Titus L, Guilbault L, Mortenson B, Cornell S, Birt J, Benton B. (2019). Wheeled Mobility and Seating Equipment Following Spinal Cord Injury. In Eng JJ, Teasell RW, Miller WC, Wolfe DL, Townson AF, Hsieh JTC, Connolly SJ, Loh E, McIntyre A, editors. Spinal Cord Injury Rehabilitation Evidence. Version 7.0: p 1-190.
- Manual Wheelchairs
- Power Wheelchairs
- Alternate Forms of Wheeled Mobility
- Seating Equipment for Wheelchairs
- Position Changes for Managing Sitting Pressure/Postural Issues, Fatigue and Discomfort
- Wheelchair Provision
- Key Points
1.0 Executive Summary
For people who have a spinal cord injury, wheelchairs and seating can be the most important and most frequently used assistive technologies (World Health Organization, 2008; Bergstrom & Samuelsson 2006; Di Marco et al. 2003).
Obtaining a properly fitting wheelchair has a significant impact on all aspects of a person’s life, from comfort and function to affecting secondary complications such as pressure injuries. A wheelchair and the associated seating equipment must support effective mobility in a variety of different environments. It must enable and influence the extent and quality of activity and participation while providing comfort, stability and safety not only when sitting, but also when participating in dynamic activities. Concurrently this equipment also needs to meet the individual’s needs for function, comfort, postural support and, tone management (World Health Organization, 2008; May et al. 2004). Properly fitted wheelchiars and seating support and augment the prevention of secondary complications such as: pressure injuries; progression of negative postural changes, both muscular and skeletal; and pain (upper limb and back) from the mechanical stress of pushing a wheelchair and; the gravitational impact on the body when sitting for long periods of time (World Health Organization, 2008; Curtis et al. 1999).
With the development and improvement of materials and manufacturing, the availability and diversity of wheelchair and seating products has increased dramatically over the past several decades. This has increased the ability to “fine tune” the wheelchair set up to fit the individual’s needs. However, this has also made the process of choosing an appropriate wheelchair more complex (Gagnon et al. 2005) both for the person who uses a wheelchair and seating and the clinician assisting them with choosing the equipment.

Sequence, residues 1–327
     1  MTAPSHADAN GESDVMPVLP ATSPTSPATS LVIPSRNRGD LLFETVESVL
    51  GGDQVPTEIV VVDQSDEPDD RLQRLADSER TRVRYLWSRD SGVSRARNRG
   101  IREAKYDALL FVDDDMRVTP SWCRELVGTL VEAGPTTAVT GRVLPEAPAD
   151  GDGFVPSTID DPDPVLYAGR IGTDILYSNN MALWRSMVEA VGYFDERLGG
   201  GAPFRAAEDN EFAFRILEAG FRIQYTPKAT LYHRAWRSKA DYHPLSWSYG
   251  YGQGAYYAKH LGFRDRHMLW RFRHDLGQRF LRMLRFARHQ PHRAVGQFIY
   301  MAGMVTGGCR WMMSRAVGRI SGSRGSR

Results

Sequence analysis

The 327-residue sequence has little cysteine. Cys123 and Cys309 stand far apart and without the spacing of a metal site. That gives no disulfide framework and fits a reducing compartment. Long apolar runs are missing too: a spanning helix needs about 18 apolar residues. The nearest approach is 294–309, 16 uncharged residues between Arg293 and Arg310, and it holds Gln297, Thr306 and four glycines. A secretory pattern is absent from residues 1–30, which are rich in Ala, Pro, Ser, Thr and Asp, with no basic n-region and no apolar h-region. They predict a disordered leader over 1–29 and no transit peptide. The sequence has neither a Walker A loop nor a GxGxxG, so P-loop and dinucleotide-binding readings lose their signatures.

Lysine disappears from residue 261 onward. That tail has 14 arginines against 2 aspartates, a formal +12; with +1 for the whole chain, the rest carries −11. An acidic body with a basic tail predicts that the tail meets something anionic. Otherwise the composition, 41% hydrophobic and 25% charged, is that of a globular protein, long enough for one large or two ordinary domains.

This chapter reviews studies that explore wheelchairs and seating research that address these areas and are applicable to clinical practices. Manual wheelchairs have the largest body of associated research literature, from the optimal positioning of the upper extremities for propulsion from kinetic and kinematic lens, to the effect of different features and options have on fit and function, wheelchair training and manual wheelchair use.
There is less research related to power wheelchairs currently, but this does not diminish the importance of power for those people who are unable to propel a manual wheelchair or choose to have both a manual and a power wheelchair for various physical and functional reasons. The research literature relatess to the characteristics of power wheelchairs, and driver controls however the larger area of research for power wheelchairs is in the realm of power positioning technology. There are two aspects to power positioning technology; 1) how it is used in daily life and, 2) the impact it has on skin integrity.
Wheelchair seating equipment, particularly cushions, has also experienced significant growth in availability and diversity of products to support postural, comfort, functional and skin integrity needs. This growth is likely in response to estimates that indicate 50% to 80% of persons with SCI will develop a pressure ulcer (Brienza & Karg 1998) in their lifetime and the costs associated with treating wounds. The need to manage sitting surface pressures is critical for most people with spinal cord injury regardless of the type of wheelchair they use. Research literature relates to body position changes, whether through power positioning technology or physically changing body position focuses primarily on pressure management. There are many aspects of life for a person with a spinal cord injury that overlap with wheelchairs and seating such as the influence of the wheelchair and seating on the perception of self, or on accessibility. While these topics are important, the focus of this chapter has remained on the equipment itself.